The initial connection between Veselnitskaya and Trump Jr. came by way of Emin Agalarov, a Russian pop star and real estate investor, and his father, Azerbaijani-Russian businessman and Putin ally Aras Agalarov. They had met Trump Jr. when the Miss Universe pageant was hosted in Moscow in 2013. During that visit, the Agalarovs met for dinner with the elder Trump and Herman Gref, Sberbank’s chief executive and one of the pageant's official sponsors.

Gref, Khachaturyants, Sberbank, and Sberbank Capital were all named as defendants in a lawsuit filed in a federal court in new York last year alleging they were complicit in efforts by close Putin associates to fraudulently take control of a Russian granite company.

In March, Sberbank brought on a new attorney to fight those charges—a lawyer who has become a household name this year.

The lawyer was Marc Kasowitz. He now represents the President of the United States.

A spokesman for Kasowitz did not respond to questions about how he came to represent Sberbank, but new information presented at next week’s hearing could lead to questions from committee Democrats on those and other unexplored Russia connections.

That could dramatically alter the direction of the Browder hearing. Its initial focus appeared to tee up committee Republicans to cast doubt on allegations of Trump-Russia. Now talk of Trump Jr.’s Kremlin contacts will likely dominate the event.

Of particular interest to Grassley is the involvement of Washington political research firm Fusion GPS. Browder singled out the firm for its alleged involvement in the anti-Magnitsky effort. It was also involved in the creation of a research document last year that claimed the Russian government had collected blackmail material on Trump, and that his team had colluded with Russian government agents to hobble the Clinton campaign.

Most of the Steele dossier—named for its author, a former British intelligence agent—remains unverified. The dossier, and Fusion GPS’s role in it, has been invoked by defenders of the president—including his legal team—to cast doubt on collusion allegations, and prior statements from Grassley indicated he would likely take that tack during the hearing.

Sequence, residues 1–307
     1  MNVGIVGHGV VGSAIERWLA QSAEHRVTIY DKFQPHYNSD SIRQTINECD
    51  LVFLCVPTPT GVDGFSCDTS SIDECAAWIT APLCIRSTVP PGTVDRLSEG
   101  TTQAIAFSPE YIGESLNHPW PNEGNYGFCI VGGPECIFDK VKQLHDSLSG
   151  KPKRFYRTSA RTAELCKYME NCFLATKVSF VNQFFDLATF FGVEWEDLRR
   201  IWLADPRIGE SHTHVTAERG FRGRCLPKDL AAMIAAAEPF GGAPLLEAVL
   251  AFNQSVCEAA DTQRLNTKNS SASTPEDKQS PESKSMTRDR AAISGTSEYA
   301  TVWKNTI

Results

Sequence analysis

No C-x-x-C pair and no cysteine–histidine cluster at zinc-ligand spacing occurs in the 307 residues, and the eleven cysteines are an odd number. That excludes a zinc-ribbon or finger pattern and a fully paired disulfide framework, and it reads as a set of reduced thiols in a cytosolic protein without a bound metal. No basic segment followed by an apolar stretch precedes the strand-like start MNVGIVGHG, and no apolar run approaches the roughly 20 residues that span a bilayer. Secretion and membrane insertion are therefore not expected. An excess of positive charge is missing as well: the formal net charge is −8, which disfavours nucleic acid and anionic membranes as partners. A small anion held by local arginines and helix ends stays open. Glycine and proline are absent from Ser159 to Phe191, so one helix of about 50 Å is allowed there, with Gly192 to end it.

Fusion GPS says it had nothing to do Trump Jr.’s meeting, and that its role in the anti-Magnitsky push extended only to a legal sub-contract involving the case brought against Prevezon in 2013. “Fusion GPS learned about this meeting from news reports and had no prior knowledge of it,” the firm said in statement. “Any claim that Fusion GPS arranged or facilitated this meeting in any way is false.”

The firm’s apparently peripheral involvement in the larger scheme to, in Browder’s telling, roll back Magnitsky sanctions nevertheless spurred Grassley to dig further into Fusion GPS’s involvement. But now, with new revelations regarding Trump Jr.’s attempts to solicit opposition research from foreign agents, the thrust of Judiciary’s hearing appears poised to shift considerably.

A spokesperson for the committee did not respond to multiple requests for comment on the hearing.

Browder’s Justice Department complaint, and Fusion GPS’s involvement in it, have been invoked to suggest that the Russian government may not have been so clearly in Trump’s camp last year. For Judiciary Committee Republicans, Trump Jr.’s emails have made that position considerably more difficult.

At the very least, those emails will provide the committee’s Trump critics with plenty of ammunition to turn the Browder hearing’s focus from the Steele dossier directly back onto the administration and its Russian contacts.

Updated 10 a.m. 7/12 with new information and comment.